Twenty-two Indigenous dancers move as one in a circle with a man dancing in the middle. They call him “el general.”
Lazaro Arvizu has dedicated his life to promoting Danza Azteca, a spiritual Indigenous tradition from Mexico, in Los Angeles for more than four decades. “It’s a way to pray. Our ancestors teach us to pray with dancing and singing,” Arvizu says.
At the Plaza de la Raza community center where this dance circle named Xipe Totec gathers, the cement outside is harsh, but some dancers still practice barefoot. They wear ankle rattles known as chachayotes, and some hold rattles in their hands. Before practice begins, one dancer uses the ceremonial copal incense burner (resin derived from tree sap) to clear bad energy. “We ask permission from the elements and four directions. We ask the universe for permission to touch the Earth,” Arvizu explains.
Seven drummers stand by tall Aztec drums known as huehuetl (made from wood and animal skin). As the beat picks up and builds, the dancers change formation. The general moves into the middle; at 65, his steps are still strong and precise.
Arvizu is one of the few dancers on this side of the border to hold the "general" title. In Danza Azteca, military titles like general, capitán and sargento are bestowed upon esteemed dancers who dedicate their lives to teaching and preserving their ancestors’ traditions. His students, some of whom now lead their own circles across the country, are his legacy — growing awareness and interest in Danza Azteca.
During the ’70s, a 14-year-old Arvizu first traveled to San Diego with his teacher, Florencio Yescas — widely known for his contributions to Danza Azteca — on a "reconquering" mission to bring danza to the Chicano people in the United States.
Arvizu says he had just 200 pesos when Esplendor Azteca, a band of 12 dancers, set out to tour Mexico in 1971. They were invited later to San Diego, with a smaller contingent continuing to dance and teach around the U.S. Danza Azteca performances served as another way for Mexican Americans to reconnect with their history and culture during the Chicano Movement.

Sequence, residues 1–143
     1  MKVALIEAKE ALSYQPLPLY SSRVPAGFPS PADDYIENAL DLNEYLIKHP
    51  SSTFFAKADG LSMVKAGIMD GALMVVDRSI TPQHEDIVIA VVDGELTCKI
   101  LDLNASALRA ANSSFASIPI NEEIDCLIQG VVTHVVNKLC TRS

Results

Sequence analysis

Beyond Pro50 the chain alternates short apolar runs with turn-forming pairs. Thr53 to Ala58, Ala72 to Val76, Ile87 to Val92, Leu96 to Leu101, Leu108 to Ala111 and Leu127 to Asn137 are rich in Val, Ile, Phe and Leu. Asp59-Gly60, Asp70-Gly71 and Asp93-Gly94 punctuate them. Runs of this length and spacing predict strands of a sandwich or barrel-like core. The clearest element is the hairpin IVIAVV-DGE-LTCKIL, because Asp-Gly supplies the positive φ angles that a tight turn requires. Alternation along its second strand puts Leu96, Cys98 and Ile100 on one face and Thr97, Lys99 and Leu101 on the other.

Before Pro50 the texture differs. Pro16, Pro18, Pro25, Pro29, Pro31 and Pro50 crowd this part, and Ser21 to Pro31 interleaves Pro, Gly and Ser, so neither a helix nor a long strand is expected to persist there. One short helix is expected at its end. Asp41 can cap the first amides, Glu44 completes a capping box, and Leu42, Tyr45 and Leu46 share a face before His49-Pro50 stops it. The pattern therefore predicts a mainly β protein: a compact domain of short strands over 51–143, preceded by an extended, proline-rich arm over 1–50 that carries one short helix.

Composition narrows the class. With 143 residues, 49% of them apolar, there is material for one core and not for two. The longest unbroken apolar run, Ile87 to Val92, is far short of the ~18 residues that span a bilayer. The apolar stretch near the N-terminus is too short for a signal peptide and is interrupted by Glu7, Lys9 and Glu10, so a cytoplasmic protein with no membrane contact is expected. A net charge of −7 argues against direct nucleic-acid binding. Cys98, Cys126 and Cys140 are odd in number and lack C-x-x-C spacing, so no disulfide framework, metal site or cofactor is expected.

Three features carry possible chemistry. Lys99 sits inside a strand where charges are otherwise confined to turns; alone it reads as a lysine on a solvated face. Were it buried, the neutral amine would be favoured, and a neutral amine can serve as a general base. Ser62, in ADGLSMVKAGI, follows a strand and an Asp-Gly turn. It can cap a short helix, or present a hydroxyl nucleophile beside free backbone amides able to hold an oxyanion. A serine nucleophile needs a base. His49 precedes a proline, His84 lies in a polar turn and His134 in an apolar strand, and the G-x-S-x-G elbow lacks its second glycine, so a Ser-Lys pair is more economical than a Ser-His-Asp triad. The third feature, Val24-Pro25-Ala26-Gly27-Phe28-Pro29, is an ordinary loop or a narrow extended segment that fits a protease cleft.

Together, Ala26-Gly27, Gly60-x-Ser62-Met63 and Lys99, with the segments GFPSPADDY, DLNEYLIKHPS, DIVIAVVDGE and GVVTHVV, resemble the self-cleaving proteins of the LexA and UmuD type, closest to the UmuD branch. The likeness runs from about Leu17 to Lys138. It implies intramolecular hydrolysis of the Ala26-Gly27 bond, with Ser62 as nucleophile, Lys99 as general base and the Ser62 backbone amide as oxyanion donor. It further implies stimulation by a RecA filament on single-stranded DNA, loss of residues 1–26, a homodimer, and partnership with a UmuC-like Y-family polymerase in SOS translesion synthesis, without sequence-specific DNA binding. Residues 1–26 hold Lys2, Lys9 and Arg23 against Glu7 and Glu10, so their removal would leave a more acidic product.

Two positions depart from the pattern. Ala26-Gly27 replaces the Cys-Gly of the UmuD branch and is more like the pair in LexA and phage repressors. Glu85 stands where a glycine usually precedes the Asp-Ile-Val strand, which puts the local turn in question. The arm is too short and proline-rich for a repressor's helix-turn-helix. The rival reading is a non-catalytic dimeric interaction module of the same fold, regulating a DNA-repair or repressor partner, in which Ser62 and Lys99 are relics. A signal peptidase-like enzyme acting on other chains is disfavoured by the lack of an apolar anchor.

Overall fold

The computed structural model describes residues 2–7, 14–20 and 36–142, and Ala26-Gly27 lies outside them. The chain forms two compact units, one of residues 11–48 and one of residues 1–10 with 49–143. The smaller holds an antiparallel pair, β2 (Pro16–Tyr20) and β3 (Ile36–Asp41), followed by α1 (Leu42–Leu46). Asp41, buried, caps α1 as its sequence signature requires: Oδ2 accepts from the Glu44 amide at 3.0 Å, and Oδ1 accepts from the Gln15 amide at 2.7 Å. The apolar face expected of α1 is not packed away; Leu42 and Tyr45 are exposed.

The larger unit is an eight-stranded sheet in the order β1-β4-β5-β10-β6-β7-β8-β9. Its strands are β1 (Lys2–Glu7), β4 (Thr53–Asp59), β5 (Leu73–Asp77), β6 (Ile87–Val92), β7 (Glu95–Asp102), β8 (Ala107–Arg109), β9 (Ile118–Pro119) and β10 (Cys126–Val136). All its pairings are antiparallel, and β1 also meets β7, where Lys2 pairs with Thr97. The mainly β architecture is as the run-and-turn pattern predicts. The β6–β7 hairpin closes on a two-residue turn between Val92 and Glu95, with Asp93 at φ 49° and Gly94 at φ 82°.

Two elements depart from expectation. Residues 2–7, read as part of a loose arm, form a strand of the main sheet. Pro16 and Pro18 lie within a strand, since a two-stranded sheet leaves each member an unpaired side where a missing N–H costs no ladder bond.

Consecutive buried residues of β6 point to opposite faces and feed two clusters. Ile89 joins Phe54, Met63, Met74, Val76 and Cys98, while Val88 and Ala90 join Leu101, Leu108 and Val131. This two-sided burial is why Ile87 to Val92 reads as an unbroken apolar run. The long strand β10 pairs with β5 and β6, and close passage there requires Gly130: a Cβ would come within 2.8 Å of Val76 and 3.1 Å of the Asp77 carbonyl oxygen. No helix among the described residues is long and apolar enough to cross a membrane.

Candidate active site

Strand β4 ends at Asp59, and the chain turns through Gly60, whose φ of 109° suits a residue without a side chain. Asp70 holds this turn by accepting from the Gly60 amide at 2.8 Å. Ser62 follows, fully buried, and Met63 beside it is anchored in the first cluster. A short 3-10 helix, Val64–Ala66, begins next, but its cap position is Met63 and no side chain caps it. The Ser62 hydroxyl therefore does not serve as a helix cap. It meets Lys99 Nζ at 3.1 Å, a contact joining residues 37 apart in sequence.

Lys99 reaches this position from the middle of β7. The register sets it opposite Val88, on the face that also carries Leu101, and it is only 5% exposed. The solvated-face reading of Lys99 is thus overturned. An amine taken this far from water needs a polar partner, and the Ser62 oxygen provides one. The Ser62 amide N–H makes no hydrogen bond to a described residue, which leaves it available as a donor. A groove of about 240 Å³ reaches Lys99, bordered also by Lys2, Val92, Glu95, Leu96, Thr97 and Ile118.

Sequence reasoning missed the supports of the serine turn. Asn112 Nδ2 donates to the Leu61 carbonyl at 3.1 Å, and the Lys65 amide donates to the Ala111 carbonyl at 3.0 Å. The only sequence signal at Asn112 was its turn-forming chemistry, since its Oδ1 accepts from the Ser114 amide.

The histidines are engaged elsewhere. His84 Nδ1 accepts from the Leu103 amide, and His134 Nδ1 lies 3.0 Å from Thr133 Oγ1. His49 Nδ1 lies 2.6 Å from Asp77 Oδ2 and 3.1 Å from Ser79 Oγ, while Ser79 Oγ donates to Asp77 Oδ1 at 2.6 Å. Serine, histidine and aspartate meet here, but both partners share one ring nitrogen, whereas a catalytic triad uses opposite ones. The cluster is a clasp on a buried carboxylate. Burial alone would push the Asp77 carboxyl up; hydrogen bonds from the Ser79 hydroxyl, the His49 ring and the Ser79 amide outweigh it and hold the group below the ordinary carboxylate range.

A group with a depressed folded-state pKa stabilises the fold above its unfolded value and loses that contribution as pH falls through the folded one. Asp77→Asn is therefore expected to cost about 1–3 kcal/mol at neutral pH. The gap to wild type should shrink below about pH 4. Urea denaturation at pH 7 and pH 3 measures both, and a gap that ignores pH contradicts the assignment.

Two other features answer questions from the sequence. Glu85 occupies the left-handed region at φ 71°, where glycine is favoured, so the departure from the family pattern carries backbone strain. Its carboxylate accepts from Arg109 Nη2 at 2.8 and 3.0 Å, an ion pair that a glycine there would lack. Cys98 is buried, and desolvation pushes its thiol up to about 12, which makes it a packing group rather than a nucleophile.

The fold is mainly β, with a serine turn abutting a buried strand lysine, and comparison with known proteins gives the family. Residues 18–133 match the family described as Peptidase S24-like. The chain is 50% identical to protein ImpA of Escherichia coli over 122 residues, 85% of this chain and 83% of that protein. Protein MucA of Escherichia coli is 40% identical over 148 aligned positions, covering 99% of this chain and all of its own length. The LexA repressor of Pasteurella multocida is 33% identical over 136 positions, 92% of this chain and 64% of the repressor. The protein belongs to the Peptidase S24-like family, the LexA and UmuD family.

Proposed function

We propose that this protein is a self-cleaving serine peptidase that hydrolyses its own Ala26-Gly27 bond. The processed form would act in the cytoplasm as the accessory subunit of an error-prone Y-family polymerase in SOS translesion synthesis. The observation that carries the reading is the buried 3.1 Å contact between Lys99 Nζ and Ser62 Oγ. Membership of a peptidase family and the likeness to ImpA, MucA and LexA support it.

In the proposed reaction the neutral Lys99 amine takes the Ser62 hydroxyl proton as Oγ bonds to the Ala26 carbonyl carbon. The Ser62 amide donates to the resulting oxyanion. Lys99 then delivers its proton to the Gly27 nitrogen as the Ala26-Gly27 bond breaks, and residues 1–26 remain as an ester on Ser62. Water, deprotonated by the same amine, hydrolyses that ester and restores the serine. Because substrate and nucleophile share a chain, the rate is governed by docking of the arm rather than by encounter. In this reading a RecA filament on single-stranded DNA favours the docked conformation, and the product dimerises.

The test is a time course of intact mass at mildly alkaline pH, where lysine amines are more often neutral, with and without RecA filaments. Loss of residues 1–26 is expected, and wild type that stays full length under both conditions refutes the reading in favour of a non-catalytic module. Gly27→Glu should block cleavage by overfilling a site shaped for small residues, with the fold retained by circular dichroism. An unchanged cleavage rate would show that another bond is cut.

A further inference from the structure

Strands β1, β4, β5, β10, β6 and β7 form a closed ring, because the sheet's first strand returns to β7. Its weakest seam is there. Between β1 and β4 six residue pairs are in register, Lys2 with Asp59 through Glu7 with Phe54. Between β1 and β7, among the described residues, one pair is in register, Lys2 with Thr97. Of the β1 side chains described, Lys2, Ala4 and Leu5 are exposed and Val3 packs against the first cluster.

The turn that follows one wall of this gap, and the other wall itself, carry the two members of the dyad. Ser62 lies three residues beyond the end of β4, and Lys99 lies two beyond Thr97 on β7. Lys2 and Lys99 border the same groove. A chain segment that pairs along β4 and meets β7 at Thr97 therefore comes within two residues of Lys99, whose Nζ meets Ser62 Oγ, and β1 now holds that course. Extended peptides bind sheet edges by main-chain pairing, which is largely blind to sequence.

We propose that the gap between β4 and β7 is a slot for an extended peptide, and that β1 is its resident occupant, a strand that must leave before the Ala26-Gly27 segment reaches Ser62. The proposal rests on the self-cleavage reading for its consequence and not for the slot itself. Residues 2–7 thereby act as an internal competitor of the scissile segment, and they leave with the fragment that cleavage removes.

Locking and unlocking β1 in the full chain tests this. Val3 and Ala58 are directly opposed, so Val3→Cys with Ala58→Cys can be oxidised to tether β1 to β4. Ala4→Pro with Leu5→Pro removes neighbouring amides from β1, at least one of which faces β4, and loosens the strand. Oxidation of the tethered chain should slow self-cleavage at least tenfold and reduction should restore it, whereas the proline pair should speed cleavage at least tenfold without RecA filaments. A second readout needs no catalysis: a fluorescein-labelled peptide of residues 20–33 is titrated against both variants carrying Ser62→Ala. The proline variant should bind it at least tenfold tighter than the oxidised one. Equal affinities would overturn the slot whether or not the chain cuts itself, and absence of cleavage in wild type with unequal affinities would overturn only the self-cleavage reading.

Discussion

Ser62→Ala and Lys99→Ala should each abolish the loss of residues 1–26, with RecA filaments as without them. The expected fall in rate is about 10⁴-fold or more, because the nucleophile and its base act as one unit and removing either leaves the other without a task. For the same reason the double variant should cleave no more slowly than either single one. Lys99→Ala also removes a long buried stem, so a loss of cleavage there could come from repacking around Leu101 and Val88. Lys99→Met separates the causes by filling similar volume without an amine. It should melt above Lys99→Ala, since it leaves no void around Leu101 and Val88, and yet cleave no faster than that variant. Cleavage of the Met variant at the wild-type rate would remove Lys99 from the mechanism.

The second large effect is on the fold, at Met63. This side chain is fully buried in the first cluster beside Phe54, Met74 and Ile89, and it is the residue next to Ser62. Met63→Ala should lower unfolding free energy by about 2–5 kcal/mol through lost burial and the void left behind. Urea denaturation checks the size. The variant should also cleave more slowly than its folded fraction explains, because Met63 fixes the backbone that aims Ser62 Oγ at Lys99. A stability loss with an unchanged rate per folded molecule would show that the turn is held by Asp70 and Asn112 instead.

Born in Mexico City, Arvizu spent his teen years immersed in Danza Azteca there. Since 1978, he’s led an Eastside dance circle formed with Yescas’ blessing. Initially he led the group with his partner, Virginia Carmelo. It was the only consistent Danza Azteca group in the nation for about a decade. Over the years, the original troupe branched off into several Xipe Totec factions. Carmelo founded her own L.A. circle after she and Arvizu amicably separated. When Yescas died in 1985, his followers recognized Arvizu as his heir and the de facto Danza Azteca leader in the United States.
While Arvizu travels to perform at Indigenous gatherings and educational events across the country, Los Angeles has a special draw as a home base because it represents so much of Mexico. “I’ve spent most of my life here, and you don’t need to speak English sometimes because everybody speaks Spanish,” Arvizu says. “[There’s] nothing like L.A. I love L.A.” You may find him regularly leading dances on the red-bricked walkways of La Placita Olvera when the historic district celebrates Mexican Independence Day, Día de los Muertos and the Day of the Virgin of Guadalupe.
To pass down Danza Azteca to future generations, Arvizu pays special attention to welcoming youths to his circle, but sometimes they come to him. “They come looking for an identity, [to find] where they come from,” he says. Others are born into it and start dancing just as they start walking.
Aleah Alba, 7, is the youngest member of the group. Aleah and her mom, Marlene Alba, have been with the circle for two years. For the first few months of attending practices with her mom, Aleah wasn’t interested in dancing, but when she finally decided to try, it was clear she had been paying attention. “I try to go in the circle and try my best. Sometimes we have ceremonies and it’s really serious and you can’t mess up. That’s why we have practice,” Aleah says. To her mom, seeing Aleah connect with their cultural heritage is gratifying. “Every time she dances, I’m a proud mom,” Marlene says.
Arvizu also appreciates the younger generation’s progressive efforts, and consequently, the group has been using social media increasingly in the last few years to grow an online presence.
He has trained his circle members to carry on when he is gone. But the world of Danza Azteca extends beyond Arvizu too. While some of his students start their own circles with Arvizu’s permission — like he received from Yescas — there are also those who, despite being new to the dance, may still break off on their own. Arvizu believes people with little experience who don’t follow tradition are diluting the cultural practice, but not everyone agrees.